- 23.Dwaikat, L.N., Ali, K.N.: Green buildings life cycle cost analysis and life cycle budget development: practical applications. J. Build. Eng. 18, 303–311 (2018)Google Scholar
- 24.Vijaykumar, K.C.K., Srinivasan, P.S.S., Dhandapani, S.: A performance of hollow clay tile (HCT) laid reinforced cement concrete (RCC) roof for tropical summer climates. Energy Build. 39(8), 886–892 (2007)Google Scholar
- 25.Parker, D.S., Barkaszi, S.F.: Roof solar reflectance and cooling energy use: field research results from Florida. Energy Build. 25(2), 105–115 (1997)Google Scholar
- 26.Romeo, C., Zinzi, M.: Impact of a cool roof application on the energy and comfort performance in an existing non-residential building. A Sicilian case study. Energy Build. 67, 647–657 (2013)Google Scholar
- 27.Dimoudi, A., Androutsopoulos, A., Lykoudis, S.: Summer performance of a ventilated roof component. Energy Build. 38(6), 610–617 (2006)Google Scholar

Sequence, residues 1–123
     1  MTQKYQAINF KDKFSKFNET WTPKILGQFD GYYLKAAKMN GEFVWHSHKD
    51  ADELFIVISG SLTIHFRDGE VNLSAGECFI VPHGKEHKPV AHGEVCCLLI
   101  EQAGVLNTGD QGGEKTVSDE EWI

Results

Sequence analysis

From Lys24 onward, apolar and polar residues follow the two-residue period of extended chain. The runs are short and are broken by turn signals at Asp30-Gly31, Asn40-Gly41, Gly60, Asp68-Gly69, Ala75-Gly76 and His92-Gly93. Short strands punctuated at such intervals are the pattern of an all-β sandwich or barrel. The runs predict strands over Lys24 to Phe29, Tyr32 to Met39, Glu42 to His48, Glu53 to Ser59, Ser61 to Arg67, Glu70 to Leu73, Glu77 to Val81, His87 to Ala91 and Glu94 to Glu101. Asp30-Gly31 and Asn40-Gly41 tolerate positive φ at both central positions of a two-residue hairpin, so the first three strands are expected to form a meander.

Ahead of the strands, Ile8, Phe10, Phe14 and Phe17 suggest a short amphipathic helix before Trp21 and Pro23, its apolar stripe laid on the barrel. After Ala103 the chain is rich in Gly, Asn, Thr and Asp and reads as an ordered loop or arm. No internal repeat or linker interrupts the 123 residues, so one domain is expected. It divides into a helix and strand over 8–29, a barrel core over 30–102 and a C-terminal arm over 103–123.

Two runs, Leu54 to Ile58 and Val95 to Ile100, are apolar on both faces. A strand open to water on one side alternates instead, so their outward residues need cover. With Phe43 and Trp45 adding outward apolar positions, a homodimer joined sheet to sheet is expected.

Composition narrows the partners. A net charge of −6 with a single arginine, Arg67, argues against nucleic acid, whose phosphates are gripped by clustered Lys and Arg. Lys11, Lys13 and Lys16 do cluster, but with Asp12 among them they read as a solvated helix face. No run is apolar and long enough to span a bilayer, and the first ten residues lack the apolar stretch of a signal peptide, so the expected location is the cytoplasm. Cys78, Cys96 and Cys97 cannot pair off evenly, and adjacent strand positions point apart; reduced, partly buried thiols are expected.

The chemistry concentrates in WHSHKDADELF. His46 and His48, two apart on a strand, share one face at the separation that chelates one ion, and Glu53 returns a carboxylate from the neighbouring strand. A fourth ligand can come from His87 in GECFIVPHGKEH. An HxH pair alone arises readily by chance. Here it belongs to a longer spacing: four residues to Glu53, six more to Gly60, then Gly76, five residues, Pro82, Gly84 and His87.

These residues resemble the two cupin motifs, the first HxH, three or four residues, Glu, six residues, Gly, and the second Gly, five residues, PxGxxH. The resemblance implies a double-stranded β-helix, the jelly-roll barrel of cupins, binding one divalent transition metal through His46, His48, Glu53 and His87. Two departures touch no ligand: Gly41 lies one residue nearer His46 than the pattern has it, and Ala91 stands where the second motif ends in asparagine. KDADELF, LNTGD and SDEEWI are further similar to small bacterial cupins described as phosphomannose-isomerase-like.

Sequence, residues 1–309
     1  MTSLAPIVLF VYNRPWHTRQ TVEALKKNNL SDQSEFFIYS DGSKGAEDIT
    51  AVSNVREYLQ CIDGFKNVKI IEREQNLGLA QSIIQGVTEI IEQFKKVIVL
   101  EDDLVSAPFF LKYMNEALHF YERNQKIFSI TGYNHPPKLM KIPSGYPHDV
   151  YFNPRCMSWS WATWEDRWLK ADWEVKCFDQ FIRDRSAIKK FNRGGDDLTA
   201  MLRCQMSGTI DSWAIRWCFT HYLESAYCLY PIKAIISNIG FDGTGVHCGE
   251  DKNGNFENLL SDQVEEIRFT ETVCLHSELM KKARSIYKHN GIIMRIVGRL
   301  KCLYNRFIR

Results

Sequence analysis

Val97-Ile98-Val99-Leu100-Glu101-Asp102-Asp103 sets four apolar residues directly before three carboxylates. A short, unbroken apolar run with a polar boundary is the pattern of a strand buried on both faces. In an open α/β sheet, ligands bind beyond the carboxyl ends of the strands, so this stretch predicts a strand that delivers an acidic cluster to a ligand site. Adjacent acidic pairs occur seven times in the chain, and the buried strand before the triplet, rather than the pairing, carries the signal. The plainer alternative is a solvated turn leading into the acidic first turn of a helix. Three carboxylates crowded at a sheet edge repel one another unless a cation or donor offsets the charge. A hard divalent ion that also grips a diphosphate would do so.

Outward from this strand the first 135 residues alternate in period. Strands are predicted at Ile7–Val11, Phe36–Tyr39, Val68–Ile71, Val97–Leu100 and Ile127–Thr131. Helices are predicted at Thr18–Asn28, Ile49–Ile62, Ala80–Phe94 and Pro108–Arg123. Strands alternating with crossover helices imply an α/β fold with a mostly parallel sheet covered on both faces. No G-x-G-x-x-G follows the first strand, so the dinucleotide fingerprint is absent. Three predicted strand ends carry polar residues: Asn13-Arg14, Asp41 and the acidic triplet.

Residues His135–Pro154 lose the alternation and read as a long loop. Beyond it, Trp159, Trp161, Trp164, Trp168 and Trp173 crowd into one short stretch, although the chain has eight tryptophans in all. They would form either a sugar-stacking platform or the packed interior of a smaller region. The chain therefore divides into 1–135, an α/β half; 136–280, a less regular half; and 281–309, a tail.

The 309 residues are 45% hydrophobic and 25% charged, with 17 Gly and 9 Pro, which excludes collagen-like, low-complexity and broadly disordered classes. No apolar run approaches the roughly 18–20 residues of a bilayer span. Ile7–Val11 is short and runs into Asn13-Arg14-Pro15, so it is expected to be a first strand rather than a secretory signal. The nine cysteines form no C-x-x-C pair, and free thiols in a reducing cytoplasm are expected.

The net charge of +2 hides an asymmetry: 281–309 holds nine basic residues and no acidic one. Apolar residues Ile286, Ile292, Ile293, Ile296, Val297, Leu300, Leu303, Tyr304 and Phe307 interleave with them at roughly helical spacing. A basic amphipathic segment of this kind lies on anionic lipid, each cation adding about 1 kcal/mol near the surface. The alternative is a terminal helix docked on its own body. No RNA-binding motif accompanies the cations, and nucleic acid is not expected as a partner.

- 28.Alvarado, J.L., Terrell, W., Johnson, M.D.: Passive cooling systems for cement-based roofs. Build. Environ. 44(9), 1869–1875 (2009)Google Scholar
- 29.Megri, A.C., Achard, G., Haghighat, F.: Using plastic waste as thermal insulation for the slab-on-grade floor and basement of a building. Build. Environ. 33(2), 97–104 (1998)Google Scholar
- 30.Gavenas, E., Rosendahl, K.E., Skjerpen, T.: CO2-Emissions from Norwegian Oil and Gas Extraction. Norwegian University of Life Sciences, School of Economics and Business, 07–2015 (2015)Google Scholar
- 31.Grossmann, K.: Energetic Retrofit: Considering Socio-spatial Structures of Cities | Energetische Sanierung: Sozialräumliche Strukturen von Städten berücksichtigen. Gaia Okologische Perspekt. Nat.- Geistes- Wirtsch. (2014)Google Scholar
- 32.Wolff, A., Schubert, J., Gill, B.: Risiko energetische Sanierung? In: Großmann, K., Schaffrin, A., Smigiel, C. (eds.) Energie und soziale Ungleichheit: Zur gesellschaftlichen Dimension der Energiewende in Deutschland und Europa, pp. 611–634. Springer Fachmedien Wiesbaden, Wiesbaden (2017)Google Scholar